“We’ve been saying it and writing about this. We’ve done all we can to this point. What the report is going to show is an outrageous disparity affecting all our publications,” said Denise Rolark Barnes, NNPA Chair and publisher of the Washington Informer. “Our organizations have a combined readership of 40 million people. We want to do and continue to carry out our mission and I think this report will make a great difference for us.”
NAHP Vice President Martha Montoya faults Black and Hispanic newspapers for not staying on top of the issue and demanding both accountability and constant feedback on a matter so crucial.
“Then-Sen. John Kerry had a meeting in 2006 and requested a report. The only three agencies on the list were NASA, the Department of Defense and one other,” Montoya, publisher of El Mundo in Seattle, Washington, recalled. “We have to also blame ourselves because we should have demanded the report every year. It should be standard compliance because it’s data everybody needs.”
Norton said it’s also unclear how long it will take for the GAO to complete the report, saying that the NAHP/NNPA request will join the queue. During a subsequent meeting in the Cannon House Building with Congressional staffers, the Rev. Benjamin Chavis informed publishers and staff that U. S. Reps. Charles Rangel (D-NY), Barbara Lee (D-CA), Sheila Jackson Lee (D-TX) and Congressional Black Caucus Chair G.K. Butterfield (D-NC) had joined Norton calling for the GAO investigation.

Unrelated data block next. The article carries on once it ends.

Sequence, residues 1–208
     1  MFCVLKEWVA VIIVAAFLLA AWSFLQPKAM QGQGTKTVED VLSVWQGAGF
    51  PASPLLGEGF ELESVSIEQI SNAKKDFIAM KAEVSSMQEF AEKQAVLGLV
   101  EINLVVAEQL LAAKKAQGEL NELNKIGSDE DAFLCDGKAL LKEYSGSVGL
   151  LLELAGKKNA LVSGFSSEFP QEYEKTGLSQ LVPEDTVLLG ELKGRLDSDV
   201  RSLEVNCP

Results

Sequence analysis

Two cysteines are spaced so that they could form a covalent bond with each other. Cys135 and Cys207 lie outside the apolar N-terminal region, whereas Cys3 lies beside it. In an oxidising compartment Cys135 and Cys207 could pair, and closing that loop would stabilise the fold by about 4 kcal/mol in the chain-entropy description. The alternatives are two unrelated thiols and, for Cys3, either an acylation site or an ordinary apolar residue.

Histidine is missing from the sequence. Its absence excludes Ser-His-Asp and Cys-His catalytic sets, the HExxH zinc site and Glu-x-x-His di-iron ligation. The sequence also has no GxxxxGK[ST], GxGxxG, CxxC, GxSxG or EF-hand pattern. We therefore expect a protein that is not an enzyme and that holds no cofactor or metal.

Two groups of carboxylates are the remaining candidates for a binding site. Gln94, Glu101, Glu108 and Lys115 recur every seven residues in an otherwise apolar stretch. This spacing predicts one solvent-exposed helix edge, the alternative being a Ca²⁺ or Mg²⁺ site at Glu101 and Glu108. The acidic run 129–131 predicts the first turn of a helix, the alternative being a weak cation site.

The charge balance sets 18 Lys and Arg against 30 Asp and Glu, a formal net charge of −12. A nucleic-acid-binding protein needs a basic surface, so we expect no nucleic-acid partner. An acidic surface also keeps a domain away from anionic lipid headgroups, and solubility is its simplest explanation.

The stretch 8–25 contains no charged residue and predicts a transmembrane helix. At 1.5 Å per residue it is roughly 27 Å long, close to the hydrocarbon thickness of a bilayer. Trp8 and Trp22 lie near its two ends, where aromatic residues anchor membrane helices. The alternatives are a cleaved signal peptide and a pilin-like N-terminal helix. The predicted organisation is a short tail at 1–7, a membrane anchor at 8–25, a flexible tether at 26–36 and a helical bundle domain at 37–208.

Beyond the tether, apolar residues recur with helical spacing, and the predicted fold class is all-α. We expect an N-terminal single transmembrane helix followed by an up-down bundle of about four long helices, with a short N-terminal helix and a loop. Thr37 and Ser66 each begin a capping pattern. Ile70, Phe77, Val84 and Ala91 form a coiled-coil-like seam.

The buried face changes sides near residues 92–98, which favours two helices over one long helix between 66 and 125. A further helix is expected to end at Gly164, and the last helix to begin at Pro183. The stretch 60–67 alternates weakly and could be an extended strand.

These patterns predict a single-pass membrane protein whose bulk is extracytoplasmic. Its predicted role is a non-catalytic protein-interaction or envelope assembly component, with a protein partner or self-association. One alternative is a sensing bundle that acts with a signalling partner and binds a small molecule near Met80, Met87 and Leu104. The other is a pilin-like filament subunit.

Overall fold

This joint initiative seeking answers from the federal government is the result of the coming together by both parties. The NNPA represents 205 African American-owned community newspapers nationally, and NAHP, also a non-partisan trade advocacy organization, represents America’s largest Spanish language publications. Both have a combined reach of 43 million readers each week across the United States.
“With close to 97 million African Americans and Hispanics in the US today – representing 33 percent of the total population – this consumer segment demands attention,” Montoya said. “The buying power of the African American and Hispanic communities, currently at more than $2.3 trillion combined, continues to outpace the national average.”
Chavis, NNPA president and CEO, hailed what he characterized as a monumental partnership.
“This historic media alliance is a gigantic step for our two organizations,” he said. “We believe our working together has tremendous potential mutual benefits in today’s marketplace. We are grateful that Congresswoman Norton will ask the GAO to conduct timely research and to issue a report on advertising contracting and subcontracting with African American and Hispanic American-owned newspapers and media companies by all federal agencies. We salute and appreciate her leadership and service to our communities.”
Chavis said he looks forward to seeing what the report produces.
“Calling for the report is itself hugely significant because the call presupposes that there are legitimate questions that need to be raised,” he said. “The federal government should practice what it preaches. We have very lofty language about freedom and equality. The GAO report will put facts on the table. We expect to see inequities, unfairness and wide disparities in how the government procures and does business with businesses, large and small, majority and minority owned.”